The area near the Belgium border includes a bunker or two you can visit (Westwallmuseum in Irrel - Sunday afternoons only) and the Belgian forest just to the west is full of Battle-of-the-Bulge towns with small museums and tanks on display - La Roche en Ardennes, Malmedy, Bastogne - and the American Cemetery Hennri Chapelle to the north near Eupen is moving as well.

Most of Germany can be seen by train but you will need a car if you go to this area of Belgium.

http://www.henrichapelle.com/

Posted by
9 posts

Nate:

Here are my recommendations. I'm sure you will get lots of ideas. I know you will have a good time with your son in Germany.

Fly into Munich and spend two additional days there. You will arrive in the morning. Next morning spend walking around downtown Munich. It will not be too cold to do a Munich Walks Hitler's Munich Third Reich Tour (about 2.5hrs)Then plan a half day trip to Dachau. Second morning stroll around Marienplatz, see the Frauenkirche and a quick trip down to Andechs (another half day) would give you a good Bavarian feel.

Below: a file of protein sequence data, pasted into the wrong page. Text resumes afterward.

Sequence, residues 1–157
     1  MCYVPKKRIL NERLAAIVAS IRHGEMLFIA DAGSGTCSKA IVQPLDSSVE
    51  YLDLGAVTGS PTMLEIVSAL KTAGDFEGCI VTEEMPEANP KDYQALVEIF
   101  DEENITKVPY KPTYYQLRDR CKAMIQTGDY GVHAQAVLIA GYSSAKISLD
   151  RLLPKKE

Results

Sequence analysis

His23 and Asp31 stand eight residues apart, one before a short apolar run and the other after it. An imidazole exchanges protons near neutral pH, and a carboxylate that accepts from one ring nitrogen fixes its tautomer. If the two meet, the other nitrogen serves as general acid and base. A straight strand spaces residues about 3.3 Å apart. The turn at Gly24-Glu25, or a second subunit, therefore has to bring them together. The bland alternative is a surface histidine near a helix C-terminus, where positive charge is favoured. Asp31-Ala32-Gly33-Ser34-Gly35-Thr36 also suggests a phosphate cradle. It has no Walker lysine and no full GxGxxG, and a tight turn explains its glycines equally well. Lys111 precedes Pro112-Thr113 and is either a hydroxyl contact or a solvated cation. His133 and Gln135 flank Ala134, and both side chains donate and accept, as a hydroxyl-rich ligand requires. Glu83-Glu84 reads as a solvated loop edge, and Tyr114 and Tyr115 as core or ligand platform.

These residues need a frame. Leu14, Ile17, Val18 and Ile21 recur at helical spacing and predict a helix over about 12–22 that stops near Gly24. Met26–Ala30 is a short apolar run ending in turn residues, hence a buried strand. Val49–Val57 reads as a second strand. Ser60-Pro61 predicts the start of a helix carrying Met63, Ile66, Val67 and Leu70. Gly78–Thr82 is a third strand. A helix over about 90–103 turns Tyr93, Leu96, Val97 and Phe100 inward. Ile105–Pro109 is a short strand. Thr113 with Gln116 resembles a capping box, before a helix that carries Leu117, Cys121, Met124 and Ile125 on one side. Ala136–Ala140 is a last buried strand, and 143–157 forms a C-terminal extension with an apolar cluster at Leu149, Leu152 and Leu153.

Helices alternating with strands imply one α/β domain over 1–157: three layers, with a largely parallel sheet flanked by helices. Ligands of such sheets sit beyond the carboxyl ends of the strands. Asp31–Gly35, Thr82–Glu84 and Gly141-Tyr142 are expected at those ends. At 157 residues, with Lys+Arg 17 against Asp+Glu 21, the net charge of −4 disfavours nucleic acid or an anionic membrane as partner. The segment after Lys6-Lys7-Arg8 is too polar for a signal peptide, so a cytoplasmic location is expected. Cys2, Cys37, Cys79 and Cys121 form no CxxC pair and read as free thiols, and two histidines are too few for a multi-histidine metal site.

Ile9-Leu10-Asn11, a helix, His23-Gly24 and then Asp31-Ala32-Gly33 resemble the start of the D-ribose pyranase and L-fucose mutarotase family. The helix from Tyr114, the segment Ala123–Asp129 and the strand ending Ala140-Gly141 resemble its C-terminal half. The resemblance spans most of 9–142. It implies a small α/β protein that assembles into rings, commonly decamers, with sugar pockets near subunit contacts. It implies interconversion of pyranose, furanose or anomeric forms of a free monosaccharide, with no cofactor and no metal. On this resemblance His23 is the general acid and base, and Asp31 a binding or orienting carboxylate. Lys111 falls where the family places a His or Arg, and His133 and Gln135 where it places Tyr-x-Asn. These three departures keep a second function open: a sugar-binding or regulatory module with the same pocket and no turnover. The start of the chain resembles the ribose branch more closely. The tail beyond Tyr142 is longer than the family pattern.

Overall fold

Morning of your third full day, drive to Nurnberg, stay inside the walled old city. See the Congress Hall site, the site of the war trials and follow the other postings on what to to in Nurnberg. (2 days)

Next, drive to Rothenberg. Again stay in the town for the night and take the nightwatchman's tour. Do your gift buying here and ship everything home.

Drive to Frankfurt and ditch your car, hop a train for the Rhine.

Bacharach,

Posted by
9 posts

To finish: